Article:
While determining a specific dollar amount for just how much turnover costs your company can be difficult, we can make a realistic estimation. Calculate separation costs, including administrative process time, vacancy costs (added overtime, lost productivity – downtime), search (advertising), selection and sign on costs (screening, interview, drug testing, orientation and on-the-job training). These don’t include soft costs, such as ramp-up time to bring a new employee up to speed. Add all of these up for each departing employee and the numbers start to look pretty expensive. For some companies, this can range from tens of thousands to 1.5 times annual salary per person. Imagine a company has a 20 percent turnover annually. If, with the broad support of the company leadership, steps are taken to reduce turnover to 10 percent, that savings drops straight to the bottom line.

A 400-employee janitorial company out of Cincinnati, Ohio, had a big problem. Their turnover was 107 percent. Yes, that is as bad as it sounds. In less than a 90 days, 428 employees had cycled through the company. Admittedly, this is just above the industry standard. The jobs are low paying, with little opportunity for advancement. Not surprising, team spirit and employee moral were low. But, there was a lot of work available, and the leadership team was very busy running the company. It wasn’t until they started losing clients that the owner and general manager sat down to address the issue.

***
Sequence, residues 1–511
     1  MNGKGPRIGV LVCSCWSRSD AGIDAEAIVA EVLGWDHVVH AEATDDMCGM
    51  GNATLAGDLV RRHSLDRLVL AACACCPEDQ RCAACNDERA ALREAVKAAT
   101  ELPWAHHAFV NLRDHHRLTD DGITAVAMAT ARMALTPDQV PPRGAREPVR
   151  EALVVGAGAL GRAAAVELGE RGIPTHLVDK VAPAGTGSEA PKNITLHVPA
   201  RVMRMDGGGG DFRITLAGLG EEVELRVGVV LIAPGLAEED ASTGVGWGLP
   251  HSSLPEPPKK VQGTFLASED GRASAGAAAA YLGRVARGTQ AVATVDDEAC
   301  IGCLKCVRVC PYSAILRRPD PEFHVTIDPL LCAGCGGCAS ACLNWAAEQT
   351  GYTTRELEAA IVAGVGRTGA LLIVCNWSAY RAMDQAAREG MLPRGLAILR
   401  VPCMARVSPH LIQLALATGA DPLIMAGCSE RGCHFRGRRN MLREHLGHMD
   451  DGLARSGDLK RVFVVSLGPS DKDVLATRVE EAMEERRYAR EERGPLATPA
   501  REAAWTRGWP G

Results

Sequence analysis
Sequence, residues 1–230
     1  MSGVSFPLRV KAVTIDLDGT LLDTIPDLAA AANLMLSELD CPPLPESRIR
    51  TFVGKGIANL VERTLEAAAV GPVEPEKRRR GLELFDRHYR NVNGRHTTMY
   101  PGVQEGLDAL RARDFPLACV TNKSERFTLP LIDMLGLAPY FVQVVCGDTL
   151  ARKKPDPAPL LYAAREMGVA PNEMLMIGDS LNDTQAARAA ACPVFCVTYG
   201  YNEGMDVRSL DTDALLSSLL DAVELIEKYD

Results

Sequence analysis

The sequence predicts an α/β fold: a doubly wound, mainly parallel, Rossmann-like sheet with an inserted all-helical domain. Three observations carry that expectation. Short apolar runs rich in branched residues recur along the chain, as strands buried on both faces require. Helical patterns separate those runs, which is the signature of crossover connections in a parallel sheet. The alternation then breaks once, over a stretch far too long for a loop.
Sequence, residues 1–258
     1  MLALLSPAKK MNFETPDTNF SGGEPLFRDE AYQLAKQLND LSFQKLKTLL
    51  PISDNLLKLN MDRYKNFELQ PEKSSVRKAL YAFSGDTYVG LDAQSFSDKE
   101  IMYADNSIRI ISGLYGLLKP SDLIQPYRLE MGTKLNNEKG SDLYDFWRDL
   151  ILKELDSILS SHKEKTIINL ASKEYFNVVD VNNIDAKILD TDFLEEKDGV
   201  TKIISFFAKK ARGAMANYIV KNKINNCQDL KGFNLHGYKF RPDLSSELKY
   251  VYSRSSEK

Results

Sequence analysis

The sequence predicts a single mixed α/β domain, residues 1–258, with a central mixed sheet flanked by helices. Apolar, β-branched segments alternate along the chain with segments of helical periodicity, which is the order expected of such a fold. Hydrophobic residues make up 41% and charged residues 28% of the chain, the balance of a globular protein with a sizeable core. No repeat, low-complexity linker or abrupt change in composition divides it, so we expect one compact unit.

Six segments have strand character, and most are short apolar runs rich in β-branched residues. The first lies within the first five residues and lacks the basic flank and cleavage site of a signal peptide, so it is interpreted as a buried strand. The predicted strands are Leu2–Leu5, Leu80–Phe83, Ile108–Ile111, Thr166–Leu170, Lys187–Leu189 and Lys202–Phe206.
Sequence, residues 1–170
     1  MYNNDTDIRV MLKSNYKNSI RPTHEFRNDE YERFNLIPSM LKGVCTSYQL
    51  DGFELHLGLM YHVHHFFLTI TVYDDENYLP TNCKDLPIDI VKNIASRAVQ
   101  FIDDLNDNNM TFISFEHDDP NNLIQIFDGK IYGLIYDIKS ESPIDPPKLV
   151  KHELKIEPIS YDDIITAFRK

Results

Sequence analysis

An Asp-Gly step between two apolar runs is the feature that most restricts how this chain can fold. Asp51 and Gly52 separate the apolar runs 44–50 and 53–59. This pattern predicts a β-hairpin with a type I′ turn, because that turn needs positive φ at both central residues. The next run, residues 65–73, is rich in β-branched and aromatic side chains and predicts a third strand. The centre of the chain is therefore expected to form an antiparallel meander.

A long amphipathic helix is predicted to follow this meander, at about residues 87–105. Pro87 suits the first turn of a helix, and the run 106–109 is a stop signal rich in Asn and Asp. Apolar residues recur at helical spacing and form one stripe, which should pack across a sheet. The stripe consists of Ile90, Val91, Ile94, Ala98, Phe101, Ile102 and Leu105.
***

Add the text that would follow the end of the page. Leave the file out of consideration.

By talking with their employees they were able to determine a solution that would affect a significant percentage of their staff. When the owner hedged at the $15,000 a month cost, the general manager handed him a breakdown of what their turnover cost—based on their current payroll, turnover was, conservatively, costing them $2 million a year. That’s almost $170,000 month, or $40,000 a week.

I will be speaking more about this company at SUBExcel 2018. The company spent three years solving their turnover problem, but the time and energy was well-worth the effort. They have had a 7 percent turnover rate for the last 5 years.

The big question is, how do you manage the people equation? Thanks to technology we have a lot of data at our fingertips. But data is only as valuable as the decisions it enables. The first step is talking with your employees, whether you have 25 or 2,500. Whether you choose to use a survey, focus groups or face-to-face, start small and act, publicly, on the information you receive. This show of good faith will help you more successfully identify many other pieces of the complicated puzzle of employee engagement.

Griff Hall has held three chief executive positions, been a commercial and social entrepreneur, and is part of an academic community studying and teaching leadership, strategy, and ethics. He has been on the faculty at Johns Hopkins University Carey School of Business for 19 years, focusing on strategy, leadership, and ethics. Three years ago he led a team researching high performance cultures in the technology industry together with successful practices for large scale organizational transformation. Hall will be a featured presenter at SUBExcel 2018, Feb. 28-March 3, in Tempe, Arizona.